ISBN: 081097245X (ISBN13: 9780810972452). Literary Awards: Canberra’s Own Outstanding List (COOL) Awards Nominee for Category 1: Picture Books (2009), Edgar Award Nominee for Best Juvenile (2009). Bought a copy of the book. Book photos taken by me.
I have a collection of Graeme Base’s picturebooks because I truly believe the man is a genius. Knowing that he is a master at embedding visual codes and clues in his picturebooks, I dug out a few of his titles that I feel would fit our current reading theme.
The story begins with an alliterative introduction to Bertie Badger and his grandfather, “Gadzooks the Great” who was once a “conjurer of note,” a world-famous magician who traveled to Prague, Kathmandu, Antipodes and Timbuktu. When Gadzooks the Great retired, however, he performed only to an audience of one, his grandson, Bertie. That is, until one terrible day when Grandfather’s magical props magically disappeared. And it was not just his props, but all the other residents who used to be conjurers as well.
Bill Bison, pictured above, lost his queen of hearts which made him unable to cut his magical cards. Monkey is missing his interlocking rings making him unable to perform his usual tricks. Sadly, Miss Poodle is also missing her ball and cups.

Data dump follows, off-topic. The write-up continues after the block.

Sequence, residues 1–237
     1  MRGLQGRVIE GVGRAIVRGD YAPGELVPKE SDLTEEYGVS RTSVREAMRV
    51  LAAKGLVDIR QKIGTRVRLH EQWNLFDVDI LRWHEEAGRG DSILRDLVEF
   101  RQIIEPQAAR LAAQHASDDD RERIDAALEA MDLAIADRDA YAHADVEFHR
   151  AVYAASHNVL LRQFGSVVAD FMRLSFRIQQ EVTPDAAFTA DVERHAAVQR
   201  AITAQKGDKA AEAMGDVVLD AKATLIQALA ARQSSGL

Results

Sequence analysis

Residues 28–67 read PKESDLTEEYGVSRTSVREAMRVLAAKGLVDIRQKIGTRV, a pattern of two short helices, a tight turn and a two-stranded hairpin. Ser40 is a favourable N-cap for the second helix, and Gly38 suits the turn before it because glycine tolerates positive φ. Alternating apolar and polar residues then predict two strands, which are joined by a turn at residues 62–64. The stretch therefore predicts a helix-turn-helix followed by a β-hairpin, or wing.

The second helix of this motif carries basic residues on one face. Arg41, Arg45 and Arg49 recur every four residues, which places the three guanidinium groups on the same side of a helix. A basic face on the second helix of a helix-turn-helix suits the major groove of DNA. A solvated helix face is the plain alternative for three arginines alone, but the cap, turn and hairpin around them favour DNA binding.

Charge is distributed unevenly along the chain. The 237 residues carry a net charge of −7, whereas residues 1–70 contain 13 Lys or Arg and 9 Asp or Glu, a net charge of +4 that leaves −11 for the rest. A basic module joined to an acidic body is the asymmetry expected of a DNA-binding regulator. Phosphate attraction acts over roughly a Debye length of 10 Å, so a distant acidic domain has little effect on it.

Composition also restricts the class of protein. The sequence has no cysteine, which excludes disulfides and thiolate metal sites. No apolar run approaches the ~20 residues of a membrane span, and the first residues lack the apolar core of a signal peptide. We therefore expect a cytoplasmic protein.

Where all these missing things have gone, I shall leave for you to discover. There is a way to crack the code to all this, however, but it would require some serious code-breaking.
Once again, Graeme Base has created a complex, multi-layered narrative filled with visual codes and clues that an eager young reader will be more than excited to unlock.
Written and Illustrated by: Graeme Base
Published by: Harry N. Abrams (2006)
ISBN: 0810954737 (ISBN13: 9780810954731). Literary Awards: Wilderness Society’s Environment Award for Children’s Literature for Picture Book (2007), Young Australians’ Best Book Award (YABBA) for Section 1 – Picture Storybook (2008), Speech Pathology Australia Book of the Year for Lower Primary (ages 5-8) (2007), Green Earth Book Award for Children (2007), Australian Book Industry Award (ABIA) Nominee for Australian Book of the Year for Younger Children (age range 0 to 8 years) (2007). Bought a copy of the book. Book photos taken by me.